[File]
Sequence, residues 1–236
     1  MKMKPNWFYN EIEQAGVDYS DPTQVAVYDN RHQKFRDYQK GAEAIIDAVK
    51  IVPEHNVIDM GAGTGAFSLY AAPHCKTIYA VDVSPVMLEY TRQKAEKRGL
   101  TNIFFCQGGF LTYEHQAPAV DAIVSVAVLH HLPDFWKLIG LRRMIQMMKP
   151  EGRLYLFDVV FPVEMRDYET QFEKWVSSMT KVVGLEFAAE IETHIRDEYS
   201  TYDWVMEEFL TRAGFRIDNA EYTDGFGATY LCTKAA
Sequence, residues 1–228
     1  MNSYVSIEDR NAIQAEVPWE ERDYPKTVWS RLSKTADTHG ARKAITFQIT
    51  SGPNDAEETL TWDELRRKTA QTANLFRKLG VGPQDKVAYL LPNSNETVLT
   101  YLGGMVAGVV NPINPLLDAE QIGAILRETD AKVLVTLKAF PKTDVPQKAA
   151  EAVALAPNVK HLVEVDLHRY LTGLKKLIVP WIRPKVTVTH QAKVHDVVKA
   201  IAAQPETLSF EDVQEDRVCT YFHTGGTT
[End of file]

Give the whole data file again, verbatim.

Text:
Sequence, residues 1–236
     1  MKMKPNWFYN EIEQAGVDYS DPTQVAVYDN RHQKFRDYQK GAEAIIDAVK
    51  IVPEHNVIDM GAGTGAFSLY AAPHCKTIYA VDVSPVMLEY TRQKAEKRGL
   101  TNIFFCQGGF LTYEHQAPAV DAIVSVAVLH HLPDFWKLIG LRRMIQMMKP
   151  EGRLYLFDVV FPVEMRDYET QFEKWVSSMT KVVGLEFAAE IETHIRDEYS
   201  TYDWVMEEFL TRAGFRIDNA EYTDGFGATY LCTKAA
Sequence, residues 1–228
     1  MNSYVSIEDR NAIQAEVPWE ERDYPKTVWS RLSKTADTHG ARKAITFQIT
    51  SGPNDAEETL TWDELRRKTA QTANLFRKLG VGPQDKVAYL LPNSNETVLT
   101  YLGGMVAGVV NPINPLLDAE QIGAILRETD AKVLVTLKAF PKTDVPQKAA
   151  EAVALAPNVK HLVEVDLHRY LTGLKKLIVP WIRPKVTVTH QAKVHDVVKA
   201  IAAQPETLSF EDVQEDRVCT YFHTGGTT